Everyone has a personal and professional comfort zone. The key to growth depends on an individual's ability to regularly break out of his or her zone and learn new things.
HR pros are no strangers to the comfort zone. By the nature of their jobs, most HR professionals work in compliance-based, risk-averse environments. This helps to protect organizations. However, in addition to protecting the organization, HR is increasingly becoming responsible for contributing to business strategy and the bottom line. And this will require HR pros to step out of their comfort zones and expand their portfolios of skills and experience.
Today’s organizations want HR professionals with the business acumen to manage talent in a global marketplace. They’re looking for individuals who are financially savvy and informed on public policy. Businesses run on numbers and bottom lines, and HR will need to understand how to use analytics to show the value of their decisions – and the ROI.
Communication and social media skills are a must. Growth will require strategists who can create a magnetic employment brand that attracts new talent. The best will instinctively understand how to develop people and create cultures of engagement that can support strategic initiatives.
CEOs want HR professionals who are alert, proactive, and capable of adapting to constantly changing business environments. And while individuals may have specialties, HR pros can no longer operate in silos. They will need to get out of their cubes and grow, because businesses can no longer function with HR departments that accept complacency.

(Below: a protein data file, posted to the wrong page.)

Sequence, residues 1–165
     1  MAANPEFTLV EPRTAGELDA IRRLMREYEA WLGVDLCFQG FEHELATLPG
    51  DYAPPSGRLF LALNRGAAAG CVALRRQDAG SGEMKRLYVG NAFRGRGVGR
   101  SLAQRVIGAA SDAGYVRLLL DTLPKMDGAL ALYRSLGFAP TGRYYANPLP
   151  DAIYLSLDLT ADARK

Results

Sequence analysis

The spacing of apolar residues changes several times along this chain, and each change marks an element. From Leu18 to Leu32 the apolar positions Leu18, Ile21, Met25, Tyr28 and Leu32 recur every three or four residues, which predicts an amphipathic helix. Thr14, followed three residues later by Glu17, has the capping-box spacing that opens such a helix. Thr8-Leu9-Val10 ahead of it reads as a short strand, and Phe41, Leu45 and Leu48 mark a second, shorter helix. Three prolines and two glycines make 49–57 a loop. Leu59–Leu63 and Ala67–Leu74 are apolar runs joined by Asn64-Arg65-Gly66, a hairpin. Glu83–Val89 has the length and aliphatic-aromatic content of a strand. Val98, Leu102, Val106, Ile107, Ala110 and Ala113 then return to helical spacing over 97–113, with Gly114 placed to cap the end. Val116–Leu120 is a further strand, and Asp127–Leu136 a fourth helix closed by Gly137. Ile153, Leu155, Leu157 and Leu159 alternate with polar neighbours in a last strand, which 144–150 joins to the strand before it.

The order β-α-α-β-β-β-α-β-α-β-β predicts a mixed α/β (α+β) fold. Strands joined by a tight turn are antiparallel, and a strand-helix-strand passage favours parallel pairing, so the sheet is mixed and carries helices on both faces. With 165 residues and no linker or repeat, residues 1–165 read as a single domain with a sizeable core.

It’s a tall order and not everyone will be ready to break out of his or her comfort zones to prepare for the challenges that lie ahead for the HR profession.
What new skills, experience and education will HR professionals need to find jobs, be successful and stay employed?
Q1. What skills --outside of the HR profession-- will be most important for HR pros to acquire to ensure future success?
Q2. How have changes to the economy in the past five years affected the way HR pros do their jobs?
Q3. Why is it important for HR pros to be financially savvy and understand how the economy affects their industry and organization?
Q4. Why is it important for HR pros to be informed on public policy and participate in HR advocacy?
Q5. Why is it important for HR to know employment law basics and will HR pros with law degrees be in high demand in the future?
Q6. How do new technologies make an HR pros job easier? How are they more disruptive?
Q7. Does it make sense to outsource most administrative functions so HR teams can focus on business strategy? Why/why not?
Q8. What will HR departments look like in 2024?